In this case, it wasn’t on my shoulders in that way. But still, of course, I loved the movie so much I followed everything that happened with it. In a way, it’s like a perfect picture of the financial climate of the movie industry.

We made it with a distribution deal, with Paramount Vantage. And now nobody would make a $7 million independent without a distributor. Nobody, you can’t sell it. Nobody is ever gonna buy that. At that time, you could have made a $2 million movie without a distributor. I know a lot about this actually, because I have made a lot of these tiny movies and cared a lot about how they get sold. But we made it thinking we had a distributor, but then Vantage fell apart, and then Paramount, big Paramount, it’s not a big Paramount movie, and they were great and let it go. And we didn’t take it to Cannes. Instead, after Cannes, when nobody bought anything at Cannes, they had a bunch of screenings, and Jeff Berg, who’s Scott’s agent, a fancy I.C.M. producer, kind of helmed it. It was a little bit of a scramble for a moment, because we were in that moment when nobody was buying anything.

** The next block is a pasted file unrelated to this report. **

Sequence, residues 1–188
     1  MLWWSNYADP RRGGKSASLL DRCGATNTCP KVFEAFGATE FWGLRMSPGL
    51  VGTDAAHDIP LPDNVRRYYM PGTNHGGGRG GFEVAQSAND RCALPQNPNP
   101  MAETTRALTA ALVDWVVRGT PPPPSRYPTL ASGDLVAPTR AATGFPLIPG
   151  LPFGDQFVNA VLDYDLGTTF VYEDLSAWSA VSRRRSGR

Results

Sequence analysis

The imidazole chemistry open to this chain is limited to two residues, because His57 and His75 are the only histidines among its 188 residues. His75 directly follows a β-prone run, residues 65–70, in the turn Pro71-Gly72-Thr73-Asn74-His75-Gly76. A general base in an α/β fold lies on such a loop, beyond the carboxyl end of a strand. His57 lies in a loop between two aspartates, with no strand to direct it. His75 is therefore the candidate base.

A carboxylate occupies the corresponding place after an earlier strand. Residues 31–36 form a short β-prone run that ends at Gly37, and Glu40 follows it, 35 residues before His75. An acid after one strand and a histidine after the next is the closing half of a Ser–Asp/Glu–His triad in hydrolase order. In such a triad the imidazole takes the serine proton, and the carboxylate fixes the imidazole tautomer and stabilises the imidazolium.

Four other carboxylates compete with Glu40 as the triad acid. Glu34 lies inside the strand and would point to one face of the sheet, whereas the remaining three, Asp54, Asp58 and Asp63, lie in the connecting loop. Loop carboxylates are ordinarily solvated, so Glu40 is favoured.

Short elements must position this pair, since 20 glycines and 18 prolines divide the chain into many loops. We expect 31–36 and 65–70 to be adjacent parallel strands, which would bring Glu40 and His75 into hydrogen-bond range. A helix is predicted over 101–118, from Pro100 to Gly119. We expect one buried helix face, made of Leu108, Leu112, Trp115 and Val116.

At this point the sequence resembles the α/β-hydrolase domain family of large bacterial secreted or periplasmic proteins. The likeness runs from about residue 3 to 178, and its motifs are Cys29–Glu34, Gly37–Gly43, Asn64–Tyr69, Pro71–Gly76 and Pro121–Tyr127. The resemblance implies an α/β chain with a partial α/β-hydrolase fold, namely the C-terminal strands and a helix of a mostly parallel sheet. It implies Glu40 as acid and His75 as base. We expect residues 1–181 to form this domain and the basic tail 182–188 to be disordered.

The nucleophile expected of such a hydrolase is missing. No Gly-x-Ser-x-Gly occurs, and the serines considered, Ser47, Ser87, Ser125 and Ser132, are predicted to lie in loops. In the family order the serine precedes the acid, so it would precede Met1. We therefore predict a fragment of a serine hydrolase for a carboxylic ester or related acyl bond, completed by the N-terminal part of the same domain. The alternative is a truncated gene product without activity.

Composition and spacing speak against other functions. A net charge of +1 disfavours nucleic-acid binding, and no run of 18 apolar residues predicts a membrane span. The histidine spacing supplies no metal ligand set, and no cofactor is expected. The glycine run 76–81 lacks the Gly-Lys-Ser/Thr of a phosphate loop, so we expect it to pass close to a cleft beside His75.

When I started making movies, like when I made ‘Secretary,’ you could totally go and make a movie for $2 million with a good cast and a good script, and it would get bought, and you could count on it having some kind of a life. And that is completely not true now. At all. It’s just dead, because the whole financial structure for funding independent films has fallen apart.

So we got caught in this kind of moment where everything has been crumbling, and then thank God for Fox Searchlight, they have been incredible. I have to say, I watched the cut of the movie before they came in, and you know, it was very good, but it felt like an independent movie. It felt like, there were places that were too long, places that didn’t totally gel. They basically, according to Scott, they didn’t say, ‘O.K., we’re going to buy the movie and get rid of the director and do our own thing,’ they just gave him more time and money to finish editing the movie. And he did a beautiful job, and the cut is so much better.

And the way that, I mean, they’ve worked us, like Jeff and Scott, and even T-Bone and Duvall, and I have been at like a thousand Q. and A.’s for the past little while, but I think they know if actors love their movie, they’ll go. I went to the Angelika and just randomly did a Q. and A. after the first Friday night screening, and that helps get people into the first weekend. You know, when you’re working on a movie you’re not that crazy about, you might not do that. Peter [Sarsgaard] was joking with me, my husband, like, are they going to have you with a big sign, standing on Broadway, handing out fliers, trying to get people to go see ‘Crazy Heart?’ Because you would, wouldn’t you.

Posted by Connie on January 9, 2010 under Crazy Heart,Interviews and commented by 0 people